Gaby Hoffman has something very important to say — about body hair.
In an interview with the New York Observer, the "Crystal Fairy" star sounded off on the frustrating expectations people have about how Hollywood actresses should look:
People are obsessed with actresses being hairless, fatless Barbie dolls. They can’t imagine that people would want to be anything other than that. When they are, it’s looked at as almost a political statement. Look at Lena Dunham. She is a gorgeous woman and people can’t stop talking about how brave she is to show herself naked, which I find totally condescending and ridiculous. If Angelina Jolie was naked onscreen no one would say she was brave. The implication is that Lena’s brave because she doesn’t look the way she’s supposed to look. I think that’s a shame.
Well said, Ms. Hoffman. There’s a reason we’ve loved you since "Now And Then."
Doesn’t really matter where you stand on the subject of Lena Dunham specifically, because Hoffman has a point.
If a conventionally lovely woman poses nude on the screen or in a magazine, no one bats an eyelash at it. She’s kind of shrugged off and people move on. She’s seen as an unremarkable dime-a-dozen.
But if a woman who is not conventionally lovely poses nude, she’s generally viewed as being courageous, bold, refreshing, and awesome.
However, this is where it falls apart.
Many will be VERY quick to point out that slim pretty women are still “real women” when propped up next to a woman who is not as slim or as pretty as per the requirement of current trends — and that’s true. They are still real women. No one said they weren’t, or even implied it. The difference between “real” vs. “unreal” seems to stem from the comparison of those women who are Hollywood starlets and those who are not.
One of these is “living a dream,” and the other is putting up with the rent, a crappy job, and jury duty.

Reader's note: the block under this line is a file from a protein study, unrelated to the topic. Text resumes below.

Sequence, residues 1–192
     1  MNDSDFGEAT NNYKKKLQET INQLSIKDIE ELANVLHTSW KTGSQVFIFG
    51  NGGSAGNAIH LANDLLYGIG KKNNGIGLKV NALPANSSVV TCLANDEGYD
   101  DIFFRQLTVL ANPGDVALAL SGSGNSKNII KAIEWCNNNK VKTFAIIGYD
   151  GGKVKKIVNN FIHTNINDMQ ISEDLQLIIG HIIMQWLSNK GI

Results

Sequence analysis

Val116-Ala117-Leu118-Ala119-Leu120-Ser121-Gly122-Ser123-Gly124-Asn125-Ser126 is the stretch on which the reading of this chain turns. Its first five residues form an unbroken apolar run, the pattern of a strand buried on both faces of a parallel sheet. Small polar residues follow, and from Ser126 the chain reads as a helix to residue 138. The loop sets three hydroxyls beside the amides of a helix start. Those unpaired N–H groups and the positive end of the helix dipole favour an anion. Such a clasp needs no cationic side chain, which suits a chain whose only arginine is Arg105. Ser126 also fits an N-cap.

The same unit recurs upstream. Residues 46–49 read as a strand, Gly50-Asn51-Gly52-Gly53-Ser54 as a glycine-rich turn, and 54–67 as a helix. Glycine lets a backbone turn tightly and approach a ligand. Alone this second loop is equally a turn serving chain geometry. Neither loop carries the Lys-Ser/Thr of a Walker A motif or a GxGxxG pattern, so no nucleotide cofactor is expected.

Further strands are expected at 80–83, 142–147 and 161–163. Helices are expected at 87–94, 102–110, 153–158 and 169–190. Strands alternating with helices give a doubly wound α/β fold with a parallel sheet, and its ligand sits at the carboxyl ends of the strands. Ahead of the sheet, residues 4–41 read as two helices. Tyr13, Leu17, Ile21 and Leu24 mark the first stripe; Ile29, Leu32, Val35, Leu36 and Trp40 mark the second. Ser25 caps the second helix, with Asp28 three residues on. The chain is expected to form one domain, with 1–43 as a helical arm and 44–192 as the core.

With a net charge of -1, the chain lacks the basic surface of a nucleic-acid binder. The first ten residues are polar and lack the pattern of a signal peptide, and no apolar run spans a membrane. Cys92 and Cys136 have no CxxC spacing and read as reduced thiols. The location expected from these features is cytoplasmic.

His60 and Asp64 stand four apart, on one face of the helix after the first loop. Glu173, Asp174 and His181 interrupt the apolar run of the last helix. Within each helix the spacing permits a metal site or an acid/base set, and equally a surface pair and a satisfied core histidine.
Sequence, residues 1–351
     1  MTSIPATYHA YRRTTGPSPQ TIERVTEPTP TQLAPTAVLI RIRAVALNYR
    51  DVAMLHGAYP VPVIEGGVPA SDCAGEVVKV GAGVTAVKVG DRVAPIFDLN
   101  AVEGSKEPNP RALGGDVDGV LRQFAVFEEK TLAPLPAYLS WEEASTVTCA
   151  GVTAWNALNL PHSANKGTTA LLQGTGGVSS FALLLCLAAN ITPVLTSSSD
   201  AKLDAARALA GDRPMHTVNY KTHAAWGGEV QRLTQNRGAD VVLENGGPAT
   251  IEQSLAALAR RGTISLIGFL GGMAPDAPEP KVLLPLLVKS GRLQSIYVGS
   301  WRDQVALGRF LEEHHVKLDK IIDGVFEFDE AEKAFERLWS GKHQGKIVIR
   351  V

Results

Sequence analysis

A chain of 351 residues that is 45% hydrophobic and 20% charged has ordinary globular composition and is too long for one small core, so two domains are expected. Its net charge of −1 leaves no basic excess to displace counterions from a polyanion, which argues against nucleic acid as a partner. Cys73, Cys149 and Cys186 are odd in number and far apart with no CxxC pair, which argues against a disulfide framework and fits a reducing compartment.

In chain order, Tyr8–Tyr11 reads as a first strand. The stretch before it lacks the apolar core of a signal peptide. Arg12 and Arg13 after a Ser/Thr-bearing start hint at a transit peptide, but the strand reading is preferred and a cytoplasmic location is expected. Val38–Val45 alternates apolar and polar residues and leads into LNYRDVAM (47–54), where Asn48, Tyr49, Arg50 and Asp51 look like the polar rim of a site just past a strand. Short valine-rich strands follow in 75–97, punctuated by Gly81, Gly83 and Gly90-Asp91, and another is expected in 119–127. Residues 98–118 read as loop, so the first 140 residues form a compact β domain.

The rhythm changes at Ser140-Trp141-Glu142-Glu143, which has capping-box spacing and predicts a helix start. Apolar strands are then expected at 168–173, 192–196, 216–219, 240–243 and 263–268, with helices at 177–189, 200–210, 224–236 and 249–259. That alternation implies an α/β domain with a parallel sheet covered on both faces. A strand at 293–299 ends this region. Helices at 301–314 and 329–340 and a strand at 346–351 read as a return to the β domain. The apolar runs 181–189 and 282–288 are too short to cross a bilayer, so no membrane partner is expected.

After all, the rest of us down here are, in essence, peasants. We have a better chance of mingling and meeting among ourselves than running into, say, Taylor Swift, Catherine Zeta-Jones, or the aforementioned Angelina Jolie.
Real vs. unreal.
It’s less about whether or not something actually exists or is valid, and more about accessibility.
But having said this, I AM going to mention something I’ve harbored suspicions about for a while.
Whenever someone brings up that skinny pretty women are “real women,” too, they seem to do so more out of spite than out of a desire to contribute to the conversation being had. It’s an extraordinarily fine line.
I’m not one for getting into the whole fat vs. skinny debacle, because I have better things to do with my time, but I am going to say this.
Yes, skinny women are real. Pretty women are real. Attractive women are real.
So are fat women, curvy women, big women, and strong women.
We’re all frigging real.
We all have hearts, we all have dreams, we all have strengths, we all have insecurities.
We’re not as different underneath as we appear on the surface.
But of these — as far as society is concerned — one set is viewed as acceptable, desirable, and normal, and the other is viewed as unusual, unhealthy, and unwanted.
I belong to the latter of these, and I would be lying if I said I have not struggled to come to terms with myself on account of how media suggested it was wrong to be the way I was — or that I sometimes fail to see why slender people complain about how they look.
Nonetheless, it’s not something I’m going to wallow in self-pity over, and it is DEFINITELY not something that will rule my life.
But my recommendation is this.
If you, for any reason, find yourself in a position to remind others that a woman — regardless of her body — is real, do us all a favor.
Speak with grace, and speak with compassion.
No matter which side you speak for, be gentle.
Because you have no way of knowing who will see your words.
It’s bad enough we’re so often bombarded by the hairless fatless Barbies churned out for us by the mainstream as Hoffman said.
We don’t need to compound the issue with our own viciousness.